The unemployment rate shot up from 9.5 to 9.8 percent last month as 360,000 more Americans found themselves out of work, the Labor Department said yesterday.
There were 10.8 million unemployed people, making the jobless rate the highest in 41 years, since late 1941, when the nation was still shaking off the Great Depression.
The one positive note was that the number of jobs in the economy, which declined 1.1 million over the past year, was unchanged from the month before; the number of Americans at work stayed about the same, at 99.7 million. But the number of people looking for work increased. That was what drove up the unemployment rate.
Robert Ortner, chief economist for the Commerce Department, emphasized that the job total had not fallen, and said the July report was therefore "not as bad as it appears," though he acknowledged that the economy was still not expanding enough to absorb new entrants into the labor force, as it must for the rate to stay steady or decline.
Other economists, however, say the jobless rate may continue to go up somewhat in the months just ahead, and Democrats were quick to cite the new figures as further evidence that Reaganomics is not working.
Jerry Jasinowski, chief economist for the National Association of Manufacturers, said that the July figures showed "the recession has reached bottom," in that the number of jobs has stopped declining.
But he also said that the unemployment rate would probably keep moving up for a few months, would eventually pass 10 percent and probably stay above 9 percent for the "foreseeable future" because the economic recovery will be slow.
A less patient Lane Kirkland, president of the AFL-CIO, said the July rate could be translated into a line of jobless men and women 4,000 miles long, stretching from coast to coast and from Canada to Mexico.
House Speaker Thomas P. (Tip) O'Neill Jr. (D-Mass.) said the increase in unemployment "reinforces the need for immediate action in creating jobs."
He called on President Reagan to support the emergency employment bill pending in the House that sponsors say would put 200,000 people to work on projects such as bridge and road construction.
The report showed that nation's manufacturing sector, which has been on the ropes for several years, continued to lay off workers in July. About 90,000 manufacturing workers lost their jobs in the month, nearly half of them in the machinery industry. The decline in manufacturing employment was offset by increases in service industries.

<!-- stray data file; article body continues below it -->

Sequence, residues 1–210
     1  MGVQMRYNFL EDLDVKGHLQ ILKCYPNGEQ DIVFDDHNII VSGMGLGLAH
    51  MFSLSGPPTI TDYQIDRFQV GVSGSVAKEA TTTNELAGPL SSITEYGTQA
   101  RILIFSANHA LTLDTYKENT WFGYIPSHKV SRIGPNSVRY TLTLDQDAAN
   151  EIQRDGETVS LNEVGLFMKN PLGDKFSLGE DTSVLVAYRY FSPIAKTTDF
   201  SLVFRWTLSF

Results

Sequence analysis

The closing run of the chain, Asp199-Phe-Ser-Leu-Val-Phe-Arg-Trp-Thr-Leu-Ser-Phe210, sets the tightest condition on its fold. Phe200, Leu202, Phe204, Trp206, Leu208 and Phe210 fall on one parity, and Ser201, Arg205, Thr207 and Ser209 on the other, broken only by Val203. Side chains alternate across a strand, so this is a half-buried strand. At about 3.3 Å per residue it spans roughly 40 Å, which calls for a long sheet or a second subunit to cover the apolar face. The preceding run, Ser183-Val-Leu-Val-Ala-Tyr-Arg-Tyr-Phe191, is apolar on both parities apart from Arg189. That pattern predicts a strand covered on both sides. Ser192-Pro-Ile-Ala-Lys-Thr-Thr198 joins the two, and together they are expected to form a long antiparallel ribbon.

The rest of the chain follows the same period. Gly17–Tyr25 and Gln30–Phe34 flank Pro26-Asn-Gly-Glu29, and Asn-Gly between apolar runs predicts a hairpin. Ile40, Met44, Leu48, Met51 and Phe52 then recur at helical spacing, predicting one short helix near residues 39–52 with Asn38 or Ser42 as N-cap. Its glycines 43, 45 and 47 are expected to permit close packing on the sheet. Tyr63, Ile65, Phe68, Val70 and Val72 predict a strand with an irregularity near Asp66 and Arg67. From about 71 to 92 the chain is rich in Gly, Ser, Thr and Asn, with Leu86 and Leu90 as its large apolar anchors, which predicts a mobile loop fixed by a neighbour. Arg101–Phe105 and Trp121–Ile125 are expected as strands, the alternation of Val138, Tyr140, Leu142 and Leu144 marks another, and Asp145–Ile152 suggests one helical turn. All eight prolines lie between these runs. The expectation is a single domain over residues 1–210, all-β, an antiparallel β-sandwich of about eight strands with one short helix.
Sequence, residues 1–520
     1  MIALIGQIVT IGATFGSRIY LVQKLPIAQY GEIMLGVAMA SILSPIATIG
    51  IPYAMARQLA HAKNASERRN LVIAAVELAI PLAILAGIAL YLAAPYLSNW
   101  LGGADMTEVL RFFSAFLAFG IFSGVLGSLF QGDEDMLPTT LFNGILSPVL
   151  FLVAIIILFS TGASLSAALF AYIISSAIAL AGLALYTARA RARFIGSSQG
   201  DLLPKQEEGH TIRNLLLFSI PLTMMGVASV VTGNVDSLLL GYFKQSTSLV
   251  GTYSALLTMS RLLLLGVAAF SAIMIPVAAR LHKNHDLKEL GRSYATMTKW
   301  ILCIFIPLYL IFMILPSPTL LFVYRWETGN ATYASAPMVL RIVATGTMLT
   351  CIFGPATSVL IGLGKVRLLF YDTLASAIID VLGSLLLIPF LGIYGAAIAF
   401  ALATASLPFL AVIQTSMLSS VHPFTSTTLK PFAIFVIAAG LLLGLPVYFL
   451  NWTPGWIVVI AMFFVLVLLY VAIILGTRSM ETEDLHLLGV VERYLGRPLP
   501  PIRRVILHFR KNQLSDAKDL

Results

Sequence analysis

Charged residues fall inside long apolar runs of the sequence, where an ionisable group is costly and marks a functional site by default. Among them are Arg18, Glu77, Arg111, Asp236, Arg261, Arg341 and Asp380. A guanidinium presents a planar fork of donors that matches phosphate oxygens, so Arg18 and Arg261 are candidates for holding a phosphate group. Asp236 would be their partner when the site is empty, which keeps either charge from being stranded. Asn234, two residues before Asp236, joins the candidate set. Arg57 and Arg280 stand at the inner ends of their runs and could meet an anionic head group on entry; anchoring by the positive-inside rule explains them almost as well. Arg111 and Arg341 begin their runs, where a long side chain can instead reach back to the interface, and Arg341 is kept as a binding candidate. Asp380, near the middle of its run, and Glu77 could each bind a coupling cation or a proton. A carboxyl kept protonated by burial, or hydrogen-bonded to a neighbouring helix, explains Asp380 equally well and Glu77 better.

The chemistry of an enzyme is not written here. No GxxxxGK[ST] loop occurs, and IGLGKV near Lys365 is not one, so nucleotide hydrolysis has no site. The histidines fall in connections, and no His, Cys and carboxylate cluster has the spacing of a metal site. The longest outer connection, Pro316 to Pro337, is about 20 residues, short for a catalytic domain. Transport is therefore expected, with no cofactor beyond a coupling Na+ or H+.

Ortner noted that the number of people filing their first claims for unemployment compensation in July fell to the lowest level in five months, an indication that layoffs are slowing.
The unemployment rate is the percentage of persons without jobs in the civilian labor force, which is made up of those with jobs and those actively seeking them.
The unemployment rate is based on a monthly survey of about 60,000 households and is adjusted to account for seasonal variations in the economy.
Another July study, based on a monthly survey of nonfarm payrolls, showed that employment remained steady at 89.8 million jobs.
According to the payroll survey, considered more reliable but less inclusive than the household survey, the number of nonfarm jobs has declined by 1.6 million during the last year.
Janet Norwood, commissioner of labor statistics, said that while factory jobs declined in July, the number of hours in the factory workweek increased slightly.
Since April, she testified before the congressional Joint Economic Committee, the average factory workweek has risen 0.3 hours, while the number of factory jobs has declined by 300,000.
The Labor Department reported that the unemployment rate for whites was 8.7 percent in July, compared with 8.4 percent in June.
For blacks it stayed at 18.5 percent, while the unemployment rate for Hispanics rose to 13.9 percent from 13.5 percent.
Teen-age unemployment rose to 24.1 percent from 22.3 percent, while black teen-age unemployment fell to 49.7 percent from 52.6 percent.